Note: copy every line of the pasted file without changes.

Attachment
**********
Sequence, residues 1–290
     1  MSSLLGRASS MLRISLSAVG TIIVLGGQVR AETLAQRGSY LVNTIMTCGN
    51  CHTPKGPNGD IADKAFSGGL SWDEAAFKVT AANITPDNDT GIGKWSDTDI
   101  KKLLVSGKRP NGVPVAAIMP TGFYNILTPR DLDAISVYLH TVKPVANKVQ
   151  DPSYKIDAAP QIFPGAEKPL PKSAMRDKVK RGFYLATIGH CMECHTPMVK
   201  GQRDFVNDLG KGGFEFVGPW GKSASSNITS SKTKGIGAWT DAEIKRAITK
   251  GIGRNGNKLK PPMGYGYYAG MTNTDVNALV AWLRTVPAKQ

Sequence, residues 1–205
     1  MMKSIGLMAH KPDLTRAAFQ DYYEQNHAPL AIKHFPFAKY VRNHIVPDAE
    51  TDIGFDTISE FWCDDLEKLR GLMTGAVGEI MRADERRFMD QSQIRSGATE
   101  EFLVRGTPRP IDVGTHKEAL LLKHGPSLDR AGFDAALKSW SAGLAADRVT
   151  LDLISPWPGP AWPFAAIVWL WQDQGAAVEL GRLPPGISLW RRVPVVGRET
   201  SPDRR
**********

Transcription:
Sequence, residues 1–290
     1  MSSLLGRASS MLRISLSAVG TIIVLGGQVR AETLAQRGSY LVNTIMTCGN
    51  CHTPKGPNGD IADKAFSGGL SWDEAAFKVT AANITPDNDT GIGKWSDTDI
   101  KKLLVSGKRP NGVPVAAIMP TGFYNILTPR DLDAISVYLH TVKPVANKVQ
   151  DPSYKIDAAP QIFPGAEKPL PKSAMRDKVK RGFYLATIGH CMECHTPMVK
   201  GQRDFVNDLG KGGFEFVGPW GKSASSNITS SKTKGIGAWT DAEIKRAITK
   251  GIGRNGNKLK PPMGYGYYAG MTNTDVNALV AWLRTVPAKQ

Sequence, residues 1–205
     1  MMKSIGLMAH KPDLTRAAFQ DYYEQNHAPL AIKHFPFAKY VRNHIVPDAE
    51  TDIGFDTISE FWCDDLEKLR GLMTGAVGEI MRADERRFMD QSQIRSGATE
   101  EFLVRGTPRP IDVGTHKEAL LLKHGPSLDR AGFDAALKSW SAGLAADRVT
   151  LDLISPWPGP AWPFAAIVWL WQDQGAAVEL GRLPPGISLW RRVPVVGRET
   201  SPDRR